It seems I hear more and more people, be they sports figures, public servants, the barber, the mechanic, the cashier, the waitress, and just everyday people, making claims to separation of Christianity from life. Recently a famous sports personality (UofL coach), the fans, and public in general proclaimed with great conviction that his privately committed sin has nothing to do with his coaching ability or even his ability to be a great leader.
This is also not uncommon in political life. When a public official falls to temptation in some area of morality, perhaps adultery or financial misconduct, or even stands in favor of a unscriptural moral/political issue such as abortion, there seems to always be a quick claim to a complete separation of the offense from ones ability to govern or be an effective leader. We are told we should support them, if only because of the position or office they hold. How ridiculous is that?
Well for the most part, I am not overly troubled or I should say surprised, when this happens in a purely secular context. Another words, if the person has no claim to faith in general or Christianity in particular, then the worldview is coming from a purely relativistic mindset. Therefore void of the Holy Spirit who convicts of sin, I would not expect much else (1 Corinthians 2:14–15). Even when the nonbeliever concludes that a persons morality has nothing to do with their leadership it is understandable.
Where I am troubled the most is when a “professed Christian”, either makes this claim for himself, or defends another offender with this separation argument. Here is the thing… Christianity invades every aspect of the life of a true believer. We cannot separate our Christianity from our politics, our career, our family, our parenting, our education, or any aspect of our lives. To do so in my opinion is to deny the faith which we profess to hold to.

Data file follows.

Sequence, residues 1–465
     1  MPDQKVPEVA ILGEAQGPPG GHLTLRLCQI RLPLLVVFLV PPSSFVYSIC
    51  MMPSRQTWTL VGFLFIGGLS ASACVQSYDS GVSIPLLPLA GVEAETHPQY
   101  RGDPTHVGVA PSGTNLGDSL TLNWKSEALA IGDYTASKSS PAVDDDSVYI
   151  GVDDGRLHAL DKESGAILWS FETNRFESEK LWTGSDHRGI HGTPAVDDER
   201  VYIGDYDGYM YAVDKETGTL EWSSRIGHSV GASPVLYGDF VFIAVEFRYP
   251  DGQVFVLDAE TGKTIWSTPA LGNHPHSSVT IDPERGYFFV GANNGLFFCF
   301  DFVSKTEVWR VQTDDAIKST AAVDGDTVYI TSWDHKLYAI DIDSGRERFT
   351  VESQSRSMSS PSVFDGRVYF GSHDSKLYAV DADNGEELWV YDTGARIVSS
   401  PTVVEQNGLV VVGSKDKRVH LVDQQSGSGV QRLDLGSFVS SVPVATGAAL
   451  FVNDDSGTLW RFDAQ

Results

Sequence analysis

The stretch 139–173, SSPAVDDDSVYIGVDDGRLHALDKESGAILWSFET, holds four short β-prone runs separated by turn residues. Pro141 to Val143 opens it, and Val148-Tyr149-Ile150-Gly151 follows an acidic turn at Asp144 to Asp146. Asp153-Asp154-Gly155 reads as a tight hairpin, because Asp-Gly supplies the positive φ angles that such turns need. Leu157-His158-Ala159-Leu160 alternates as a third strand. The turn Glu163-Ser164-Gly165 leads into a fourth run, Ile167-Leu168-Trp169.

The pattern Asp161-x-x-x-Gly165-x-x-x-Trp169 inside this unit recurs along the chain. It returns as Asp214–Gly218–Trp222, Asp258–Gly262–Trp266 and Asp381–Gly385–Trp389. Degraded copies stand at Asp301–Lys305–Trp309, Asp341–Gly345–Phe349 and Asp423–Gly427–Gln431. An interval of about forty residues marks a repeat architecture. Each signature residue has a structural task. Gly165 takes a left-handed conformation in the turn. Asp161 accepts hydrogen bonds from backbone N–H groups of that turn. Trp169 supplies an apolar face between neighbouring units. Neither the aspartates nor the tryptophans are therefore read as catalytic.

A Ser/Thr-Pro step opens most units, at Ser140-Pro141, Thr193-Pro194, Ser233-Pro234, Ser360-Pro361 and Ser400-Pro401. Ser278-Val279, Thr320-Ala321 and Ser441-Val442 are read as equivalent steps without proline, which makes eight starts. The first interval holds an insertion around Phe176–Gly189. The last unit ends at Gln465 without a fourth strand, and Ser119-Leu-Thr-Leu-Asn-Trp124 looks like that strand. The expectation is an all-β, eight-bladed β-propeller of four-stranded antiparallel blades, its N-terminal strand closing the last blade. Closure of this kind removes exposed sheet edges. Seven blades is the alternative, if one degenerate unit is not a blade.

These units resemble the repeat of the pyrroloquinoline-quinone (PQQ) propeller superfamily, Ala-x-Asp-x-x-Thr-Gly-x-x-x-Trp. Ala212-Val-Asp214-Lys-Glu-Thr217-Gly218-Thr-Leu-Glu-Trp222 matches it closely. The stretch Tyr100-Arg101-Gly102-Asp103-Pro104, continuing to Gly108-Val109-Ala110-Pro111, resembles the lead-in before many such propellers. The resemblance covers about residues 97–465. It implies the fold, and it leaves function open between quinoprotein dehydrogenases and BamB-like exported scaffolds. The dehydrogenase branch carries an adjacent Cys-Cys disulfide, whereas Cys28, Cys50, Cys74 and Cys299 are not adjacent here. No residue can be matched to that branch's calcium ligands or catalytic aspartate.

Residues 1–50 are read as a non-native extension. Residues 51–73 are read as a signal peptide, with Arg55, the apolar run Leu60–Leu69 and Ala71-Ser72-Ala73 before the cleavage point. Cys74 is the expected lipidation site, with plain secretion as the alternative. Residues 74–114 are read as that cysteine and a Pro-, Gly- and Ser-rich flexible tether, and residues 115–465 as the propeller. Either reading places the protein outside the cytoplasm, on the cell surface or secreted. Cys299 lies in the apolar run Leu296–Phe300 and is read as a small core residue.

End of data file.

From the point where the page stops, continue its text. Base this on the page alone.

Scripture instructs us to fear the Lord, keep his commands, and not support those who do otherwise, lest we be just as guilty of committing sin ourselves (Romans 1:32). We are not afforded the liberty of making judgments or even decisions outside of the context of our beliefs which must be consistent with God’s commands, the Holy Scriptures, and the doctrines of faith once for delivered to the saints.
What does that mean? It means we can’t say, “well he is a good Governor even if he is cheats on his wife,” we can’t say, “well the fact that he has a gambling problem is not an issue with his ability to be a good coach,” we can’t say, “although he is an alcoholic he is a good CEO and knows how to make a profit,” we can’t say, “he doesn’t pay much attention to his children, but he’s a wonderful preacher” (if you can’t say ouch – say amen).
Yes I do believe we need to be careful to remove the plank from our own eye, prior to trying to get the speck out of someone else’s (Matthew 7:1–5), yet the statement “do not judge”, does not mean we cannot hold others to a Christian standard of morality. It is not judgmental to insist that abortion, drunkenness, adultery, homosexuality or other moral issues that are scripturally declared as sinful, cannot be separated from a persons leadership ability. As a matter of scripture, being in a leadership position promises an even stricter judgment (James 3:1).
Yes – Christianity invades all of life – but it’s a welcome invasion.
Brother Scott ><>